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Episode: Aaron Warner, "The Adventures of Aaron" cartoonist: Mr. Media Interview Classic
Podcast: Mr. Media
Veröffentlicht: vor 10 Jahren, am 17.11.2007 um 23:18
Dateigröße: 360,61 KB
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Beschreibung:
Originally published in August 1997.

Are you as bored by the comic strips as I am? Finding cool new strips in local newspapers is a frustrating pursuit. Change comes more slowly on this page than any other. And when the creators of "Calvin & Hobbes," "The Far Side" and "Bloom County" retired their strips, editors were hard pressed to find replacements.

There are some good new ideas out there -- "Citizen Dog," "Buckles," "Ralph" and "Dave" are a few I've been exposed to and enjoyed.

And then there's "The Adventures of Aaron."

Cartoonist Aaron Warner's alter ego is the most imaginative, funniest strip you never heard of. The continuing story of a reality-challenged teen-ager who's finally out of high school but not quite anywhere else, Aaron sees and responds to the world in a way you and I can only daydream about.











Girls scare the daylights out of him -- especially those who find him attractive. Instead of using deodorant, he puts auto air fresheners under his arms. His father is portrayed as a bigger kook than he is; his older sister is psychotic in her hatred of Aaron. And mowing the lawn? It's a jungle out there.

The main reason most newspapers won't carry "Aaron" is its unorthodox format -- it's produced weekly, not daily, and it takes the space of at least two regular strips. Even editors who "get" the strip often don't have a place to put it. But they really should look harder.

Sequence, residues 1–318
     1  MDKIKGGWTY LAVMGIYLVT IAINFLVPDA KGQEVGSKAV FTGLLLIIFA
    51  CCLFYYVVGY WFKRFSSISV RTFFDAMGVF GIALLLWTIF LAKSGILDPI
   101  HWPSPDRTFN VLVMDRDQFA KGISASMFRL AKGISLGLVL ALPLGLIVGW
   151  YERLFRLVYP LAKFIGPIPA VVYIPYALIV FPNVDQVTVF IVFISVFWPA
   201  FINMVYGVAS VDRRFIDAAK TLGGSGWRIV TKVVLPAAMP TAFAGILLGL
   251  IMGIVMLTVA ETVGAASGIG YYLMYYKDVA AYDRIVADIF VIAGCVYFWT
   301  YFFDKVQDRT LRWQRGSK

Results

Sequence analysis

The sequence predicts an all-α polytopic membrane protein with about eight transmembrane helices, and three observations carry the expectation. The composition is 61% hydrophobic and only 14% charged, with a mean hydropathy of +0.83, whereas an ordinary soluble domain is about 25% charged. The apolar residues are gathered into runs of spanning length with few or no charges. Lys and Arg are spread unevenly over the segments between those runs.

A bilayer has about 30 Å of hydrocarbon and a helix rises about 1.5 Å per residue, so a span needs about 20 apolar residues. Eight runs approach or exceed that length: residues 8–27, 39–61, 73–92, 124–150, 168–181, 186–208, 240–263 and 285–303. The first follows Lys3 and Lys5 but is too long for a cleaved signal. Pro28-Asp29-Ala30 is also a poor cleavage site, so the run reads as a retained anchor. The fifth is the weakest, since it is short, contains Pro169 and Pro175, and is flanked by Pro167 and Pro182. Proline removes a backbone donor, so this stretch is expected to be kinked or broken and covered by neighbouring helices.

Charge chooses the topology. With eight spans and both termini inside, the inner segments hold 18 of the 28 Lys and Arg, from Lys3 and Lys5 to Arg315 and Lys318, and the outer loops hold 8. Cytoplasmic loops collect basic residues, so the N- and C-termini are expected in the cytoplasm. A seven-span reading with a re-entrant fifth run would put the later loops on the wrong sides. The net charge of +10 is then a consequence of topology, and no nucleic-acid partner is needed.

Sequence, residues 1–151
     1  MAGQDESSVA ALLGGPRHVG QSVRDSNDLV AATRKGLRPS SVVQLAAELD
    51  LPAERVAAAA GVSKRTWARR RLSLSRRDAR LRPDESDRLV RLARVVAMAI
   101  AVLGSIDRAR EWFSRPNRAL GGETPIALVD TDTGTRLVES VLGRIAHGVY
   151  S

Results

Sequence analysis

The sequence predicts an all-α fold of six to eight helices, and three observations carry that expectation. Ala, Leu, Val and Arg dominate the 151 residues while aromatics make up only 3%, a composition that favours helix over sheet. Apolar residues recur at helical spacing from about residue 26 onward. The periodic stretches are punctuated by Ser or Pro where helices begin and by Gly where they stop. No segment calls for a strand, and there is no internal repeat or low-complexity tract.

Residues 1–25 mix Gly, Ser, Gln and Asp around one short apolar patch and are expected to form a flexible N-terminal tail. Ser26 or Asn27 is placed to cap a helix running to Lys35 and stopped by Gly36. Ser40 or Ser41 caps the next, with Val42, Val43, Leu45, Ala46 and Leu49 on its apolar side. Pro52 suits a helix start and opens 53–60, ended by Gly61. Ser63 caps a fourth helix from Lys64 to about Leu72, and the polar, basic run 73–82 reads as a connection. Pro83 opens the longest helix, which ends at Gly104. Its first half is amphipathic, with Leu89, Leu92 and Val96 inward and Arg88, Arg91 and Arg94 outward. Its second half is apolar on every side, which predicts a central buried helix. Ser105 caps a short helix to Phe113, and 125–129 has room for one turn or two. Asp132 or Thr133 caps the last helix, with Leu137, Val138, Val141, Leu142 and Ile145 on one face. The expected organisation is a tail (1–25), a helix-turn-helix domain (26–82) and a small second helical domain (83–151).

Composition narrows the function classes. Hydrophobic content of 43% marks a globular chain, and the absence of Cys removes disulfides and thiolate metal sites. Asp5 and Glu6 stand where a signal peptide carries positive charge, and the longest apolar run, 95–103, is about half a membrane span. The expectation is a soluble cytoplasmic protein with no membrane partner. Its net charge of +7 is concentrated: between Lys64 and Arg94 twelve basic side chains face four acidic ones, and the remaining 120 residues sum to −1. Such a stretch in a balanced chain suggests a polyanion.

Warner, 26, started drawing "Aaron" in 1990 for the Kalamazoo Gazette in his Michigan hometown. He made the title and his own name big because "if Aaron was huge, people would remember that and I would get more freelance jobs," he says. It didn't occur to him until years later that drawing "Aaron" could consume his entire career.

Over time he sold the strip to a few more local papers before Tribune Media Services expanded his reach to 20 newspapers, including the Miami Herald, Philadelphia Inquirer, Boston Herald, Newark Star Ledger and Houston Chronicle Interactive. Warner is currently self-syndicating the strip again, looking for another company to pick up the distribution rights.

I first encountered "Aaron" in a comic book store this spring. Image Comics is reprinting Aaron's early adventures as well as publishing a companion comic book of all-new stories.
But comic books are just the tip of the "Aaron" empire. Warner self-published a collection of early "Adventures" in paperback form under the title, My Mom's Meatloaf Moves! He also produced "Attacked By My Pregnant Sister," an interactive CD-ROM featuring the real-life voice of his mom and Dad. Then there is the "Adventures of Aaron" rock musical, a "Rocky Horror Show"-like cult favorite produced locally in Kalamazoo and headed for cities where the strip appears; a Web site; a fan club, "Amazing Aaron Admiration Aggregation"; and even weekly radio appearances on Kalamazoo's WKFR 103.3 FM. Next up: the "Adventures of Aaron Advice Book."